April 15th, 2018, 01:06 PM  #1 
Newbie Joined: Jul 2014 From: Wrexham Posts: 20 Thanks: 0  Open covers
I’m using the usual Euclidean metric on ℝ^2 and the induced metric on P. Am I correct in thinking that a dpopen cover of P={(x, cosx) x∈ℝ} would be {(x, cosx) x∈(n,n):n∈ℕ}? Also is {ℝ^2} be a dopen cover that is finite and {(x,y)∈(n,n) y∈ℝ} be a dopen cover that is not finite? 
April 15th, 2018, 01:36 PM  #2 
Senior Member Joined: Aug 2012 Posts: 2,098 Thanks: 602 
What is a dp open cover? A d open cover? Please define any terms not in general use. The only meaning of dp I know is not suitable for a familyoriented website such as this. That's a set of isolated points in the plane. It's not an open set nor a collection of open sets. It couldn't be an open cover of anything. Last edited by Maschke; April 15th, 2018 at 01:38 PM.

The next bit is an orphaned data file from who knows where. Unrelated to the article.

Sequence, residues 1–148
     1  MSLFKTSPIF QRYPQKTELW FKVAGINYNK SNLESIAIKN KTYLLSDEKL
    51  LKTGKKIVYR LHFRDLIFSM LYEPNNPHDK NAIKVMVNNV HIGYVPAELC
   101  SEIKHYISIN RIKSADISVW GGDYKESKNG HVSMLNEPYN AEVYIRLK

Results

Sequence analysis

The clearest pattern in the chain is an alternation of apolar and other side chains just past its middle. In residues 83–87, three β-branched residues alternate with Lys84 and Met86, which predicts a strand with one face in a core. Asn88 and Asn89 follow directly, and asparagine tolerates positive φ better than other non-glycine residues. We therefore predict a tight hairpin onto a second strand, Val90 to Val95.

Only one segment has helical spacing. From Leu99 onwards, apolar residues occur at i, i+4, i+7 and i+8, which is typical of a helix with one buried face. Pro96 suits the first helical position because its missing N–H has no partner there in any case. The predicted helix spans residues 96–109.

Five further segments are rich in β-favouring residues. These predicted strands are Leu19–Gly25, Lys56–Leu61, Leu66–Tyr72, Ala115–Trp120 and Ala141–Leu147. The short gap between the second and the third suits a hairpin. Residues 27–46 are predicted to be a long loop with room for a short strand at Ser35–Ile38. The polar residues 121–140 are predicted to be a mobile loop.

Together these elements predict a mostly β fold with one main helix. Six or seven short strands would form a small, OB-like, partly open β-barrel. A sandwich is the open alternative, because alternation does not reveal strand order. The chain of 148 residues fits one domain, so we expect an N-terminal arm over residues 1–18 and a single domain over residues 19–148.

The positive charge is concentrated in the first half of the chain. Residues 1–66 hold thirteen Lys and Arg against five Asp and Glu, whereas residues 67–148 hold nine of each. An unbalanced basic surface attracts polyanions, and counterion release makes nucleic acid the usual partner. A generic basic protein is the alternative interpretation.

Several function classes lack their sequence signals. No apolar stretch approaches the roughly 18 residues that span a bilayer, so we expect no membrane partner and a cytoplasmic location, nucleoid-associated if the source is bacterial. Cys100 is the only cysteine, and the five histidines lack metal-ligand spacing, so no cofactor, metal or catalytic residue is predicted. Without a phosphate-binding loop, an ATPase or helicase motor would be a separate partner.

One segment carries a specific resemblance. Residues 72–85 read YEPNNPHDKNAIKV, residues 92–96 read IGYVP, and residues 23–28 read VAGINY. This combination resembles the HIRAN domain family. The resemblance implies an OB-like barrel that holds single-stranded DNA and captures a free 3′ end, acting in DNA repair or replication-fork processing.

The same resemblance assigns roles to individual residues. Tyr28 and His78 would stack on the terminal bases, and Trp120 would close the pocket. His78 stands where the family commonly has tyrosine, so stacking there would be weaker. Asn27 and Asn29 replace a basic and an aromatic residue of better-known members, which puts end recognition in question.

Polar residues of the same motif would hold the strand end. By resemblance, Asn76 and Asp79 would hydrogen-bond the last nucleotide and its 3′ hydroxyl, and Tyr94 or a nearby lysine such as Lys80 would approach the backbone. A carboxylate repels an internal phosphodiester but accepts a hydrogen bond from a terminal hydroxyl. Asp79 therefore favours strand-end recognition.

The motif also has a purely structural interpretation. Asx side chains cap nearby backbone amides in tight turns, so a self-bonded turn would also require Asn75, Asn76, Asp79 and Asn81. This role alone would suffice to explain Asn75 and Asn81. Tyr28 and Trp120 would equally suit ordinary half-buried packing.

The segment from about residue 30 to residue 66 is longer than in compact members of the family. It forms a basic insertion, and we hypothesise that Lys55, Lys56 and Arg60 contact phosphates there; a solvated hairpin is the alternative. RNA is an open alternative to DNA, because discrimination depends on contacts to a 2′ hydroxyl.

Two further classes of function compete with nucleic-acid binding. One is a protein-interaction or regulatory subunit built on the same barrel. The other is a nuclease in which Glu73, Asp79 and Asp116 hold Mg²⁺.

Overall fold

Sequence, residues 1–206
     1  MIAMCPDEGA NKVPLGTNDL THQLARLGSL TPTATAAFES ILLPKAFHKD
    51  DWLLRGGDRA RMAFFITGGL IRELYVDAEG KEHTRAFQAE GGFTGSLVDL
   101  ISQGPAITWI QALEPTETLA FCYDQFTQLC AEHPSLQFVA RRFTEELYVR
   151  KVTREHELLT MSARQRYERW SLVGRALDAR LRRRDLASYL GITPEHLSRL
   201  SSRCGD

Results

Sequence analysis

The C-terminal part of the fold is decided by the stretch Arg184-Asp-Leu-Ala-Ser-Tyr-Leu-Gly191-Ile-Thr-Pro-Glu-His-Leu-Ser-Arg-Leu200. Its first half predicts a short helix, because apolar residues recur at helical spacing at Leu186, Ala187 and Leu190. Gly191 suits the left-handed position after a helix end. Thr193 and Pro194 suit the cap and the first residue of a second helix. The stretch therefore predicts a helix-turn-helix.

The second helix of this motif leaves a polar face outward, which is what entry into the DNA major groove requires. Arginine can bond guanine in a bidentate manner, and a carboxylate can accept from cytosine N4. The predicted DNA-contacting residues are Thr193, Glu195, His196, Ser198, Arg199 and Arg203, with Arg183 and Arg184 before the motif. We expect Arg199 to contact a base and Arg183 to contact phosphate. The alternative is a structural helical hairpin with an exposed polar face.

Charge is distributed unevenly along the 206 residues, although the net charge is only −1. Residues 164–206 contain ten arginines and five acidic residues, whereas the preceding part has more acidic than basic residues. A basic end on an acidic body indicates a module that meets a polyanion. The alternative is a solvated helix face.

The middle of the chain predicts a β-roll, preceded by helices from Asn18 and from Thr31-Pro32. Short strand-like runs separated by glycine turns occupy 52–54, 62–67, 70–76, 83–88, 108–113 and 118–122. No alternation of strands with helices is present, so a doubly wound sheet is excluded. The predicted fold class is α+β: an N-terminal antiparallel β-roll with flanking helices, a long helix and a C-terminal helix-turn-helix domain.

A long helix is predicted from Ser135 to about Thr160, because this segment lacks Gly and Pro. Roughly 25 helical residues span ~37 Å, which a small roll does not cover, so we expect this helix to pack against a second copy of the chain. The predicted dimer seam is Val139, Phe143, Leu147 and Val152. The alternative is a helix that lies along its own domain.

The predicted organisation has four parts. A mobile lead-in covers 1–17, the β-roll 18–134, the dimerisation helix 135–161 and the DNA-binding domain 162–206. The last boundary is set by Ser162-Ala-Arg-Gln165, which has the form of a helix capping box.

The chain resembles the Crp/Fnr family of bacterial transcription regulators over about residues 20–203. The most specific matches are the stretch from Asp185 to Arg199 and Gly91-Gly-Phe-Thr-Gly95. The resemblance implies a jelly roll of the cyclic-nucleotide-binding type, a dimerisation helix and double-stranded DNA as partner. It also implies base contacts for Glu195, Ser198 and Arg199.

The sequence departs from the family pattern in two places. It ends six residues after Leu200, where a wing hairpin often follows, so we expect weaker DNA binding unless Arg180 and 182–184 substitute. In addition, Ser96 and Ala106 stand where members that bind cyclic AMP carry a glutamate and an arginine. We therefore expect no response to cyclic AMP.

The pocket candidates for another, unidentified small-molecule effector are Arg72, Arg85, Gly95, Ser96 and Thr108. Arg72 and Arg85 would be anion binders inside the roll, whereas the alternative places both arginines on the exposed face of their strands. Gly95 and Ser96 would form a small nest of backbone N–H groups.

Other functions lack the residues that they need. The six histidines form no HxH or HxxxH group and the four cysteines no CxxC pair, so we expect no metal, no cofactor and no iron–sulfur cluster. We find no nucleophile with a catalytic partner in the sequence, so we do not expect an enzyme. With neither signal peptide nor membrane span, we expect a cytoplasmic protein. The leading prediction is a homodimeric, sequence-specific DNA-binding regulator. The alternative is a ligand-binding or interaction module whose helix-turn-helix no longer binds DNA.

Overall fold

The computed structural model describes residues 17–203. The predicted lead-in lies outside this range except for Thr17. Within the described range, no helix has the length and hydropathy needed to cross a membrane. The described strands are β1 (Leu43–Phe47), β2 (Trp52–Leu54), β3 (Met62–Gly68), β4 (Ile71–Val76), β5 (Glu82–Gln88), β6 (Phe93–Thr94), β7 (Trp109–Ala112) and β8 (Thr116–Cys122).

April 15th, 2018, 01:45 PM  #3 
Newbie Joined: Jul 2014 From: Wrexham Posts: 20 Thanks: 0  not that dp! The d part is emphasising that I'm using the Euclidean metric and the dp is emphasising I'm using the metric induced on P
Last edited by AJ235; April 15th, 2018 at 02:01 PM. 
April 15th, 2018, 02:25 PM  #4 
Newbie Joined: Jul 2014 From: Wrexham Posts: 20 Thanks: 0 
This is what I was given as an example. The blue is the dpopen cover.
Last edited by AJ235; April 15th, 2018 at 02:33 PM. 
April 17th, 2018, 08:57 AM  #5 
Math Team Joined: Jan 2015 From: Alabama Posts: 3,261 Thanks: 894 
As I said in your other post, under "Topology", a 'cover' has to be a collection of sets, not individual points so, no, this is not a cover for the set. I suspect that you intended to say {{(x, x^2)}: x∈n, n), n∈ N}, each member is the set of all such pairs, not individual pairs. Last edited by Country Boy; April 17th, 2018 at 09:11 AM. 

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covers, metric spaces, open, topology 
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